In that case the plaintiffs, who were foreign persons, entered into a written agreement with the defendant to purchase a piece of residential property from the defendant. The plaintiffs paid the defendant a deposit of 10% of the purchase price. After the agreement was signed, the plaintiffs applied to the Controller of Residential Property for approval to purchase the property. The application was rejected. The plaintiffs then demanded the return of the deposit. The defendant refused and the plaintiffs commenced an action to recover the deposit.

AP Rajah J held that the agreement between the plaintiffs and the defendant was an illegal contract.
Accordingly, no enforceable rights could arise thereunder. The plaintiffs` claim was dismissed.

The crux of the decision is at p 451 of the report where AP Rajah J said:

In this case the plaintiffs not only offended the provisions of s 3 of the Act which makes the contract null and void but they have also offended the provisions of s 25(2) of the Act which lays down that any foreign person who desires to purchase or acquire any estate or interest in residential property shall as a first prerequisite make application to the Controller of Housing for the grant of approval to acquire such residential property. To my mind the Act requires that any foreign person desiring to buy residential property must, some time before he enters into a contract for the purchase of the property, get approval of the Minister to purchase such residential property. `Desires to purchase` must refer to a point of time before the signing of the contract. It refers to the state of mind of the foreign person before he signs the contract. It seems to me that a foreign person no sooner has he formed the intention to purchase property subject to the provisions of this Act must before he signs any contract apply for ministerial approval.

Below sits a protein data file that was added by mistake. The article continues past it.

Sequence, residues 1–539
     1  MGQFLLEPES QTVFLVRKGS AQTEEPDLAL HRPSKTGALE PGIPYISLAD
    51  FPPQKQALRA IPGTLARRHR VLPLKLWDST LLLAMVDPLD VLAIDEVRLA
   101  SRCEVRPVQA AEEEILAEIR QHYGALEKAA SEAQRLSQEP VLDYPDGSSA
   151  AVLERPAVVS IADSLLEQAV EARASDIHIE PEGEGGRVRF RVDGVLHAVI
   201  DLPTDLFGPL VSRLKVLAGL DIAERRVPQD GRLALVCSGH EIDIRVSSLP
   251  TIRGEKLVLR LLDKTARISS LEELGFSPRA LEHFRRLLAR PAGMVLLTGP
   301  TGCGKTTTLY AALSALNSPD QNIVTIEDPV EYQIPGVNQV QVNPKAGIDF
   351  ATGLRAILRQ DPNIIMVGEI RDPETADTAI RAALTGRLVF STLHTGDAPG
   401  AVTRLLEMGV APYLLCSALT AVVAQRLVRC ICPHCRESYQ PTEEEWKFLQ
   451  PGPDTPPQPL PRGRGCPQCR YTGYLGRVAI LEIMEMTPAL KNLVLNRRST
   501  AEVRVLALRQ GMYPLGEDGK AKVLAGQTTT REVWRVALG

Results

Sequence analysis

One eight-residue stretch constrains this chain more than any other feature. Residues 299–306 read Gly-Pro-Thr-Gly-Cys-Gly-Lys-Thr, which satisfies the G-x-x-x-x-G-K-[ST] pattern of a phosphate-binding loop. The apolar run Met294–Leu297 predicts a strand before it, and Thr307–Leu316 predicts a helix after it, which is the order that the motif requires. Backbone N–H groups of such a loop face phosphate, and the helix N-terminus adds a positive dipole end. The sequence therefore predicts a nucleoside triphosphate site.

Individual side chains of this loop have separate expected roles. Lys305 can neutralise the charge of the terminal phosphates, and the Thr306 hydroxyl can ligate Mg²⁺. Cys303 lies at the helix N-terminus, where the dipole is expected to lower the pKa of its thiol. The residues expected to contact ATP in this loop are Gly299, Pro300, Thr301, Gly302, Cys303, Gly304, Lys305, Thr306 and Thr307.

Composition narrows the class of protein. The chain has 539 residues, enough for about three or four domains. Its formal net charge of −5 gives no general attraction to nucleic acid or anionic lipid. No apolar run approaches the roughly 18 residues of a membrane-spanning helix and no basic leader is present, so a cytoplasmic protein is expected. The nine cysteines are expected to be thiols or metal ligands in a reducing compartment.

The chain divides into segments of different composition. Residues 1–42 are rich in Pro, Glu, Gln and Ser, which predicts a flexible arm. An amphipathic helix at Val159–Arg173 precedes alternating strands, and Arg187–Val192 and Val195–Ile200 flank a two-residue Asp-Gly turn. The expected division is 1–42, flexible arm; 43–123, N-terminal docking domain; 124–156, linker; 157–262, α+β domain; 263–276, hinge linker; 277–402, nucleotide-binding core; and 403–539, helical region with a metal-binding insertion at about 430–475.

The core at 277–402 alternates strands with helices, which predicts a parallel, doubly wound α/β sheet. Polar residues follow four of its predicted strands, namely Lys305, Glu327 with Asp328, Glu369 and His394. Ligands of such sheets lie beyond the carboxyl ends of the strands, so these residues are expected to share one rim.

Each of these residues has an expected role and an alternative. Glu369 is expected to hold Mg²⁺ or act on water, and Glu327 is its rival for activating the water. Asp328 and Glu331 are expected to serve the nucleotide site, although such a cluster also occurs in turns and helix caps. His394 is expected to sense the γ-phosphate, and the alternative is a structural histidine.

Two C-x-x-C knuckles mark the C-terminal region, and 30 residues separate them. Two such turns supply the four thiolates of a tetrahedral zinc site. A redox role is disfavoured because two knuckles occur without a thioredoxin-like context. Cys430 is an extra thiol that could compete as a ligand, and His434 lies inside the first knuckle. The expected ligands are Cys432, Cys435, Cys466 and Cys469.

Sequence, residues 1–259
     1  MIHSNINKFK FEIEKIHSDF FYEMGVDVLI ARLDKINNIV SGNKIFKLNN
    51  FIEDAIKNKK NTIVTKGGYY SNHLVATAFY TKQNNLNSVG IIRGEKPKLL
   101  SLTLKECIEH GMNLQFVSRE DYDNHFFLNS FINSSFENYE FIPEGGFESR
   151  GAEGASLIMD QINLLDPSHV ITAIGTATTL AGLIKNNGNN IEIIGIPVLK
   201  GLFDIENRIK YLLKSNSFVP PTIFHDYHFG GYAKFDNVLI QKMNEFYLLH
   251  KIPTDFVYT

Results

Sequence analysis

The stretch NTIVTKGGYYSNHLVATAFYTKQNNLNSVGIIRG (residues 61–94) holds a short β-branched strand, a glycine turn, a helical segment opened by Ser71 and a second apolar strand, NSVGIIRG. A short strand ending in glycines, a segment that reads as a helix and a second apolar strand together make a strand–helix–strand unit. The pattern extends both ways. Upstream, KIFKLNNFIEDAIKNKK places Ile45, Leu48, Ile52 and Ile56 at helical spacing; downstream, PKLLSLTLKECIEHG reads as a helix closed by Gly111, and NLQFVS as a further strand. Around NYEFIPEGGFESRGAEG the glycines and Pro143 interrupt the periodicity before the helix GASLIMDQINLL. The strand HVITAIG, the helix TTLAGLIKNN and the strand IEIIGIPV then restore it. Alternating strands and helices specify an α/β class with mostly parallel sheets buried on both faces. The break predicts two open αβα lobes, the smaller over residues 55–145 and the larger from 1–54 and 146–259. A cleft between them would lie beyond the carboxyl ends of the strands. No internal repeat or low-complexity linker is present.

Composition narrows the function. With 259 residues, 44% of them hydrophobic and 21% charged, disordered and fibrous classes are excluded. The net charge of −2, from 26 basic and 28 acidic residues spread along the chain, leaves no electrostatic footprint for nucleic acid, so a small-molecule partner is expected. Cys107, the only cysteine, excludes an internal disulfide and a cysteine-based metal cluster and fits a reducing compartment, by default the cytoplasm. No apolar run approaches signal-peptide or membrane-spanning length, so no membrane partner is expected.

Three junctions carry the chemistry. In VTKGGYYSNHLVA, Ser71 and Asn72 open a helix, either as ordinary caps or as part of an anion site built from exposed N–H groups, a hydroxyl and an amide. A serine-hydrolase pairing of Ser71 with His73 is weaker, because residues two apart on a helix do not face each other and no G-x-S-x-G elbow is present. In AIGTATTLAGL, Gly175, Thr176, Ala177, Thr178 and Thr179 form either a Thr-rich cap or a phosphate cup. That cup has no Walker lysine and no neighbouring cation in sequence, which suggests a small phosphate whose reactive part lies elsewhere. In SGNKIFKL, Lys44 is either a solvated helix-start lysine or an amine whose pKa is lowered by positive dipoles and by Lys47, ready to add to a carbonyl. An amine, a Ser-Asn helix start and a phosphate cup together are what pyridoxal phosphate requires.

Mr Rodrigo pointed out that nowhere in s 25(2) or in any other subsection of that section is there any indication or reference to a point of time when the foreign person must make the application for approval.
He submitted that the learned judge was wrong in holding that the words `desires to purchase` refer to a point in time before signing the contract. In his submission, the meaning of s 25(2) was simply that a foreign person who wished to purchase residential property must obtain ministerial approval at some point of time, and that failure to do so would contravene s 3(2)(a) of the Act and attract the penalties provided for under s 36. To state that s 25(2) requires, as a pre-requisite, an application for approval to be made before the agreement for sale is signed is to force an interpretation which the legislature did not intend. Mr Rodrigo submitted that it was by the contract or agreement for sale...

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13 cases
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    ...their deposits from the vendors because the parties were in pari delicto. The third case, Tan Cheow Gek v Gimly Holdings Pte Ltd [1992] 2 SLR(R) 240, was slightly different as the deposit monies were being held by the vendors’ former solicitors as stakeholders, although Judith Prakash JC ob......
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2 books & journal articles
    • Singapore
    • Singapore Academy of Law Journal No. 1995, December 1995
    • December 1, 1995
    ...illegality, see Lim Xue Shan & Anor. v. Ong Kim Cheong[1990] 3 M.L.J. 449 and Tan Cheow Gek & Anor. v. Gimly Holdings Pte. Ltd.[1992] 2 S.L.R. 817. In Chi Liung Holdings Sdn. Bhd. v. Attorney General[1994] 2 S.L.R. 354 at 364, the Singapore Court of Appeal clarified that a contract for the ......
  • Restitution
    • Singapore
    • Singapore Academy of Law Annual Review No. 2010, December 2010
    • December 1, 2010
    ...Xue Shan v Ong Kim Cheong [1990] 2 SLR(R) 102). The court further noted that the High Court in Tan Cheow Gek v Gimly Holdings Pte Ltd [1992] 2 SLR(R) 240 had allowed the purchaser to recover a deposit held by a stakeholder on the basis that the vendor was only entitled to forfeit the deposi......